A TLM Interface for Plug-and-Play Modeling
To integrate a system virtual prototype with IP from multiple vendors and achieve reasonable user control and visibility of that platform, the standard APIs for model integration must cover not just fast simulation, but debug and system profiling. The ARM RealView ESL APIs are the first comprehensive set of APIs for full SystemC ESL design integration encompassing all three aspects of model integration. These are provided openly to the industry by ARM, and are downloadable from the ARM website.
All ARM models that are integrated into third-party ESL environments are provided with the ARM RealView ESL APIs. The broad adoption of ARM RealView models in the industry means that support for the APIs will be widespread, and this is helping to drive a consolidation of ESL APIs across the industry. Carbon Design Systems’ SOC-VSP™ product enables designers to automatically create cycleaccurate models from RTL that comply with these RealView APIs, including the transaction, debugging and profiling interfaces.
By adhering to standard model interfaces, ESL tools can provide a way of moving quickly to fast soft prototypes that are functionally accurate, while enabling concurrent hardware and software development and integration. A virtual prototype created through ESL design can get the embedded software (ESW) development started up to 6-months earlier than traditional flows. The profiling capabilities in the tools and models allow a closer coupling of the hardware and software and give the software developers fast-running models that closely represent the final hardware, especially when the models have been created from the actual hardware implementation (RTL). The cycleaccurate models enable the design team to begin implementation of hardware-based software, which used to wait for a working hardware prototype before any significant software work could commence.
Enabling the IP Model Market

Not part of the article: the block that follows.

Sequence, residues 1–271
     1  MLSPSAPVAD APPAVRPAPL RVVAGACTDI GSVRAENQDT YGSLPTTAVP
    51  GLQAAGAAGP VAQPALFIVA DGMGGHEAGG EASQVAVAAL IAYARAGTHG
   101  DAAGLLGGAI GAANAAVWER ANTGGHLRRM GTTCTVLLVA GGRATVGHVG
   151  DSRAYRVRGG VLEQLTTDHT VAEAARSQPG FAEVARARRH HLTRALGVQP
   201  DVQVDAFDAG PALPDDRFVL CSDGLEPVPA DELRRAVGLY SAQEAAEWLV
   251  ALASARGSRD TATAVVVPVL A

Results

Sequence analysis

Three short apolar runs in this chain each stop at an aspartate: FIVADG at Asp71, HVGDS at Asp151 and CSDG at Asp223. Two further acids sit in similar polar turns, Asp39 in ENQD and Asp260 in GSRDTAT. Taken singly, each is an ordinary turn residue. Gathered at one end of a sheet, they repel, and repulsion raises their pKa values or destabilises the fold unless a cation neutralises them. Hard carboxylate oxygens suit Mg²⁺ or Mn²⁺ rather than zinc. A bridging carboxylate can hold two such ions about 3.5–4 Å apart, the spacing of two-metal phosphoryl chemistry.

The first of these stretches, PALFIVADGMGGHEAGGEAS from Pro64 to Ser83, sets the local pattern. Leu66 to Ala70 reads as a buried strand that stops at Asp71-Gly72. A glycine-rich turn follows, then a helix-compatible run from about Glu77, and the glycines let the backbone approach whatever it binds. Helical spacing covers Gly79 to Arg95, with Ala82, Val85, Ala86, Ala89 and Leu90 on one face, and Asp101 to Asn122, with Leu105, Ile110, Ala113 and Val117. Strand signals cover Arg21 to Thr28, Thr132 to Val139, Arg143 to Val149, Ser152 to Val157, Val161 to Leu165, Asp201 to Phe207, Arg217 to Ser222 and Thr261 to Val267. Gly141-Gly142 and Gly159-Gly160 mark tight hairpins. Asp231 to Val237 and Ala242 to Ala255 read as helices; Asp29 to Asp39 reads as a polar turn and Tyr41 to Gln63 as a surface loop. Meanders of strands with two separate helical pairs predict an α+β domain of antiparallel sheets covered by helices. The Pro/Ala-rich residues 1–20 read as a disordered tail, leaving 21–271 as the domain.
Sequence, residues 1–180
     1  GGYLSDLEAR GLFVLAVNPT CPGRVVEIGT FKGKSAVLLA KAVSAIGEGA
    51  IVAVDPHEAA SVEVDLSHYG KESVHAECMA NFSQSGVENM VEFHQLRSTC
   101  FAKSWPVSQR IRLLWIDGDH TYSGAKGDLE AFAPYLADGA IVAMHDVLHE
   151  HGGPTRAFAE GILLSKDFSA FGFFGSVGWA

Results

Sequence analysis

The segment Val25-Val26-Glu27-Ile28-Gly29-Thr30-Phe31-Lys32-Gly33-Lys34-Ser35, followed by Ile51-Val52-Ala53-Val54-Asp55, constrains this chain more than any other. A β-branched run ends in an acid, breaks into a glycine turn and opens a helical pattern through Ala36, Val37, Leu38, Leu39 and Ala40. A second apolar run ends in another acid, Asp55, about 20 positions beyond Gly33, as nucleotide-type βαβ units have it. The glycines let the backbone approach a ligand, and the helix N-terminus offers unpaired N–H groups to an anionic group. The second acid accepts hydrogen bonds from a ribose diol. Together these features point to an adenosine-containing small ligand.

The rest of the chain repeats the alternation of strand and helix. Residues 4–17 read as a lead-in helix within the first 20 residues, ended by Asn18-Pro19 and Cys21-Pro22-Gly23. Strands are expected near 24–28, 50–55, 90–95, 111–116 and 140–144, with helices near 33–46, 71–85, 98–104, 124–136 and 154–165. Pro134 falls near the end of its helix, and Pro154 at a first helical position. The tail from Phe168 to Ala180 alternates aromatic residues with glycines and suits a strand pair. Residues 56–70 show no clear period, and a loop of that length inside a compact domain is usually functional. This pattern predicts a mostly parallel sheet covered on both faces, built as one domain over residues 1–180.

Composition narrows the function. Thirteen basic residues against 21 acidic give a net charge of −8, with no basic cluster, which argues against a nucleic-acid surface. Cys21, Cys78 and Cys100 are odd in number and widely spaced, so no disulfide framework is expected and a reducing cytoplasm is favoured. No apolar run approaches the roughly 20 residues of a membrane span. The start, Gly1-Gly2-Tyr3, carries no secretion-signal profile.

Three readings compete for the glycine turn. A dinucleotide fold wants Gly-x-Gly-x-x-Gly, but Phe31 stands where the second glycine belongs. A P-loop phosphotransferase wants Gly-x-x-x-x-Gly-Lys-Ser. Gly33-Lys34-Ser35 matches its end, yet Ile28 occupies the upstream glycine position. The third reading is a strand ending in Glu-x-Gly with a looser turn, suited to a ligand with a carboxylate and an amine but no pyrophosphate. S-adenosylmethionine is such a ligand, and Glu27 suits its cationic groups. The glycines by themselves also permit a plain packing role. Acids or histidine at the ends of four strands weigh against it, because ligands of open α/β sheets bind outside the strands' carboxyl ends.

The changes in tools and methodologies are only part of the environment. Designers need models of various abstraction levels to cover the range of speed and accuracy behaviors that are a part of the development cycle. The two most important model types are un-timed or timingapproximate (instruction-based, perhaps with cycle-counting), and cycle-accurate.
The former is primarily for high-speed rapid-prototypes. The un-timed models are not used for performance benchmarking or characterization, but used as a platform for software development. The cycleaccurate models are used for benchmarking and detailed architectural exploration, and any development of “hardware aware” software.
The wide spectrum of models with varying degrees of functional and timing accuracy is required in an ESL environment, since additional accuracy in the models ultimately reduces the total throughput of the simulation. Therefore, it is important to choose the correct model for the task at hand. For example, it might make sense to use an un-timed model for a system’s CPU, while choosing a model with cycle-accurate timing for a newly developed hardware component. Any additional detail about the CPU would be wasted, while the fidelity of the newly developed component is essential. (See Figure 2)
The ability to transform models across layers of abstraction is a crucial part of the transition from an RTL to an ESL design environment, and the lack of this ability has been a substantial impediment to ESL flow adoption. Sometimes un-timed, transaction level models for IP are available, but often this is not the case. Many times only RTL is available, either from a third party or internal legacy code. The compiler component of Carbon’s SOC-VSP product creates highperformance, cycle-accurate model of RTL designs. These models can be integrated into leading ESL design and profiling tools like ARM RealView SoC Designer. This tool facilitates the transition to higher and mixed levels of abstraction by removing the manual (by hand) and error-prone translation process, while introducing simulation performance improvements.
A verifiably correct methodology
Besides tools, designers need to change other parts of their mindset, methodologies and flows. For example, to get the most out of ESL design, the design philosophy has to evolve from a design-verifyinstantiate ‘waterfall’ flow to an iterative design paradigm that incorporates an architectural exploration and optimization in parallel with design implementation. The key in any iterative design paradigm is the ability to link views together to validate their correctness in each stage of the refinement process.
Transaction level verification started as just a way to optimize transactional visualization of RTL simulation, and has advanced to true hierarchical system validation strategies. The development of transactors for linking abstract models to refined implementation is allowing ESL design environments to be directly linked into the system verification process. Furthermore, as the adoption of transactors for visualizing and controlling RTL verification advances, hardware designers will become familiar with the transactional interface concept and can move readily to more abstract modeling styles. The adoption of common interfaces for transaction level IP is helping to drive the development of standard transactors for multi-level simulation, and therefore the delivery of verification IP at the ESL level.